|Publication number||US4744081 A|
|Application number||US 07/050,658|
|Publication date||May 10, 1988|
|Filing date||May 18, 1987|
|Priority date||May 18, 1987|
|Publication number||050658, 07050658, US 4744081 A, US 4744081A, US-A-4744081, US4744081 A, US4744081A|
|Inventors||Kenneth M. Buckland|
|Original Assignee||Northern Telecom Limited|
|Export Citation||BiBTeX, EndNote, RefMan|
|Patent Citations (8), Referenced by (17), Classifications (6), Legal Events (6)|
|External Links: USPTO, USPTO Assignment, Espacenet|
This invention relates to a method of and a frame find circuit for detecting a frame word in a multiplexed serial data stream.
It is well known to multiplex data in time division multiplex frames to produce a serial data stream. Various frame formats are known for such multiplexed data, all of which provide some means for determining the frame boundaries in the serial data stream. In one frame format described, for example, in Graves et al. U.S. patent application No. 797,264 filed Nov. 12, 1985 and entitled "Method of Multiplexing Digital Signals", each frame comprises interleaved words each of a predetermined number of consecutive bits, one of the words being a predetermined frame word which has a fixed position in the frame and hence from which the frame boundaries can be determined. This invention is particularly concerned with a frame find circuit and method for use with such a frame format.
As described in further detail below, known frame find circuits for detecting the frame word in such a frame format include a so-called slide counter, which is incremented with each word which is found not to correspond to the frame word until it reaches a maximum count equal to the number of words in the frame. Then a bit slip is performed to enable checking of words formed with a different bit orientation. An object of this invention is to provide a simplified frame find circuit in which the need for a slide counter is obviated.
According to one aspect of this invention there is provided a method of detecting a frame word in a multiplexed serial data stream, comprising word-interleaved frames each comprising n words each of m consecutive bits, where n and m are integers, comprising the steps of: monitoring groups each of m consecutive bits of the data stream thereby to detect the frame word; and controlling the relative displacement of the successive monitored groups of m consecutive bits in dependence upon detection of the frame word, said relative displacement being m bits for at least one frame following detection of the frame word, and otherwise being a predetermined displacement of p bits, where p is a plural integer which is not an integral multiple of m; wherein m, n, and p are such that the lowest common multiple of p and the integer remainder of mn/p is the product of p and said remainder.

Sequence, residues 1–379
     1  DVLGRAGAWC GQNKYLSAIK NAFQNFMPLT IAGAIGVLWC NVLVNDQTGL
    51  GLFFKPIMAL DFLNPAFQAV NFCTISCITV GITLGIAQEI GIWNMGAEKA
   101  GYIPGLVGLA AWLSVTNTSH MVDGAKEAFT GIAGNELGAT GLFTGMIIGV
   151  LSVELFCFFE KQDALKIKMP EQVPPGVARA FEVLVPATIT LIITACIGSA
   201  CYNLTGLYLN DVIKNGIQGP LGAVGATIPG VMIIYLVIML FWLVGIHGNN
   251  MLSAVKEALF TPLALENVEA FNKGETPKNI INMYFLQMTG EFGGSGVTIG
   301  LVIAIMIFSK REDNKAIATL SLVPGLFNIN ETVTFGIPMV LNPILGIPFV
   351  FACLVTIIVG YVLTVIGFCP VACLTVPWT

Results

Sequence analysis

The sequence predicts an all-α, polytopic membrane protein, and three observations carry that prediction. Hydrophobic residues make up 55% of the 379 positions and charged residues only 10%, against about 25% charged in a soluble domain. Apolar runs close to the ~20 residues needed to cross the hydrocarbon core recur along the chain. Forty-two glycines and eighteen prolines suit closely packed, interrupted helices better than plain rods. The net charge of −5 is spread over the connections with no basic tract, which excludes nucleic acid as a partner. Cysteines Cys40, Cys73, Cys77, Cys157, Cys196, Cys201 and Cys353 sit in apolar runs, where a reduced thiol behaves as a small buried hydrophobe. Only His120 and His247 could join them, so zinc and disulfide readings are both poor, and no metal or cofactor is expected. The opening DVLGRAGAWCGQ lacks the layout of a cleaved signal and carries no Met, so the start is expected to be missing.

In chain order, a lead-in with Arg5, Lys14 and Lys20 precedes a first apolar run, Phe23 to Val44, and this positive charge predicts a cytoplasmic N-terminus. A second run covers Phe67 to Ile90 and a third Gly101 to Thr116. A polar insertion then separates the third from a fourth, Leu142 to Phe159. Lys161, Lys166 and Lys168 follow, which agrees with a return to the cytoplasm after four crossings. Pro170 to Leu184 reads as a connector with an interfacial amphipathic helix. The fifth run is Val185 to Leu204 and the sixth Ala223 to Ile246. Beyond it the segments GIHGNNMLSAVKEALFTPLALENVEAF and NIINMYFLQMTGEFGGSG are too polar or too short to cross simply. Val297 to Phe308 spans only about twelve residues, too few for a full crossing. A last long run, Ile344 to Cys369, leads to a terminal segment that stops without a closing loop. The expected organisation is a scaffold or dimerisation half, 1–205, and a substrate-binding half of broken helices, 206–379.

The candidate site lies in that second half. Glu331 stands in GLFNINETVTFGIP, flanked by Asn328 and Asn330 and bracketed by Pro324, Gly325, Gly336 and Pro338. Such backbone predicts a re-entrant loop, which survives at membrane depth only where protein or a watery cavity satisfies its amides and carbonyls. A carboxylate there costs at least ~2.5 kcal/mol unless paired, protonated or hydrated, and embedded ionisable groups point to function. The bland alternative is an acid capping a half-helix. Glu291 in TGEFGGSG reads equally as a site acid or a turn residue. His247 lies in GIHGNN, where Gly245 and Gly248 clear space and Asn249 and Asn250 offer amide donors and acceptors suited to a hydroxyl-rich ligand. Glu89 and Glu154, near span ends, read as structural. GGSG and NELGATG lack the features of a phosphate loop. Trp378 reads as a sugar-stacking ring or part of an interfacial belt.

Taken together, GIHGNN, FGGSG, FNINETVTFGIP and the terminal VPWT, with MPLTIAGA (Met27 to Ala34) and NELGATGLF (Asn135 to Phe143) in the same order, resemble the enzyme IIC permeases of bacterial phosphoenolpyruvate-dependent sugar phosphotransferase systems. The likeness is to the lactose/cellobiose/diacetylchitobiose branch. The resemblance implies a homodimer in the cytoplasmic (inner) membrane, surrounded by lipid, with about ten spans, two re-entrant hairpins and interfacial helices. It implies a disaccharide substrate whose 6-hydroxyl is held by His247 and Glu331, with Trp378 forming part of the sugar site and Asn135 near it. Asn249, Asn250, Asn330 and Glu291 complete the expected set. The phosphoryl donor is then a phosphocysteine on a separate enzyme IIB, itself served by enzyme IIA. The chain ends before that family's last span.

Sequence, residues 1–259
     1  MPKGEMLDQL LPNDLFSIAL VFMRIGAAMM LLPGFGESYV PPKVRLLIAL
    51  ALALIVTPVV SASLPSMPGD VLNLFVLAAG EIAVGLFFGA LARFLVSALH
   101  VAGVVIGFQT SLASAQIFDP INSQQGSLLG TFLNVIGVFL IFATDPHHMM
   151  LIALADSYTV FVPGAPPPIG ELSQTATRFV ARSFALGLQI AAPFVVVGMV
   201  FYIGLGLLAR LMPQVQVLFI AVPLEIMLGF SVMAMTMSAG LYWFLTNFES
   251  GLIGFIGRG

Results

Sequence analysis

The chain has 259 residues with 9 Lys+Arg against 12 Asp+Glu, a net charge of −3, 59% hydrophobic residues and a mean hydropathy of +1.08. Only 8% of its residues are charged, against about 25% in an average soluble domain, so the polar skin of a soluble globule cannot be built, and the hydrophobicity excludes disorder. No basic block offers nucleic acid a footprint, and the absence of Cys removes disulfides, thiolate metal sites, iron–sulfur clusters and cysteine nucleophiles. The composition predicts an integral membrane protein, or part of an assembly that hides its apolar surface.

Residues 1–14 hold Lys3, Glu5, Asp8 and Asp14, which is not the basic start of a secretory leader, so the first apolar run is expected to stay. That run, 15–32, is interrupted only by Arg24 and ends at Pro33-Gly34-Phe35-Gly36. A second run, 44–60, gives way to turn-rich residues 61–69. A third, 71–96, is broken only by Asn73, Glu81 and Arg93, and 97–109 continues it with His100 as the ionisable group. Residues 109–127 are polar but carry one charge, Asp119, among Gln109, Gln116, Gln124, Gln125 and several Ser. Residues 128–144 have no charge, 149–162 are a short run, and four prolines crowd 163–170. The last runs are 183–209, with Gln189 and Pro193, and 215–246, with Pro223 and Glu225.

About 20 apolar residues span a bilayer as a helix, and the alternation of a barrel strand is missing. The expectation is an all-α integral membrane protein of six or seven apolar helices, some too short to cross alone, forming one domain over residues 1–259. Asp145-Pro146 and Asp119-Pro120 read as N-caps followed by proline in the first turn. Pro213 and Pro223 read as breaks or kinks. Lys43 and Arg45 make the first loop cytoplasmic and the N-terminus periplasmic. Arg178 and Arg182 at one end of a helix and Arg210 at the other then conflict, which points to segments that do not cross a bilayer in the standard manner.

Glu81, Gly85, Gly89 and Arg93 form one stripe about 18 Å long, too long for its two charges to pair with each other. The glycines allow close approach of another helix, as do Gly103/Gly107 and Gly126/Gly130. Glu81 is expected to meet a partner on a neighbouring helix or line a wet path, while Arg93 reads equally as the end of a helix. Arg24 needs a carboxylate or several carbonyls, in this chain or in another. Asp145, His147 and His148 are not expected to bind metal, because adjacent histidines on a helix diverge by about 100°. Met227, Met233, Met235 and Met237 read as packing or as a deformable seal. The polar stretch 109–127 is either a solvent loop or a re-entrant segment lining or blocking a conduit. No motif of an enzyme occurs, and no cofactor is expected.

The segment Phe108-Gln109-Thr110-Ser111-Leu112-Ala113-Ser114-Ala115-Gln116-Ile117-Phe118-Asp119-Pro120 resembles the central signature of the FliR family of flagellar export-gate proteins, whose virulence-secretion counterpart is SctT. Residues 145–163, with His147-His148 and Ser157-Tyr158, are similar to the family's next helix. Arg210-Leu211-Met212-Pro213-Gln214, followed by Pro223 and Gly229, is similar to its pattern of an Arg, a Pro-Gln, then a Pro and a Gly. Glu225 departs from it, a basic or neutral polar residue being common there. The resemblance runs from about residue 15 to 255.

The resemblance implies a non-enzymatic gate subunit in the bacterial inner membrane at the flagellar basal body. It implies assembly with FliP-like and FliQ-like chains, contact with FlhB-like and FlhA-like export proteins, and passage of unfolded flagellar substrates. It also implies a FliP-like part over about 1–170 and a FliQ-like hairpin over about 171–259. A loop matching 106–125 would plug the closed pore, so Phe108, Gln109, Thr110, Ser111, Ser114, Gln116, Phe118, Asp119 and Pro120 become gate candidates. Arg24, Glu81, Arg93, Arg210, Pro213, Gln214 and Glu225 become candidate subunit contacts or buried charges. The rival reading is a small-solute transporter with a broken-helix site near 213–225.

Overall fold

According to another aspect of the invention there is provided a frame find circuit for detecting a frame word in a multiplexed serial data stream, comprising word-interleaved frames each comprising n words each of m consecutive bits, the circuit comprising: storage means for storing from the data stream a group of m consecutive bits; comparison means for detecting the frame word in the bits stored in the storage means; and control means for controlling in dependence upon such detection the displacement in the data stream of groups of m consecutive bits successively stored in the storage means, said displacement being m bits for at least n words following detection of the frame word, and otherwise being a predetermined displacement of p bits; wherein m, n, and p are plural integers, m and p have no common prime factor greater than one, and p and the integer remainder of mn/p have no common prime factor greater than one.
Preferably the storage means comprises a shift register for receiving bits of the serial data stream, latching means for latching m consecutive bits from the shift register, and frequency divider means for frequency dividing a clock signal at the bit rate of the serial data stream selectively by m or p under the control of the control means for controlling the latching of said m consecutive bits by the latching means. The circuit conveniently includes a channel counter responsive to the frequency-divided clock signal from the frequency divider means for counting the n words in each frame of the serial data signal.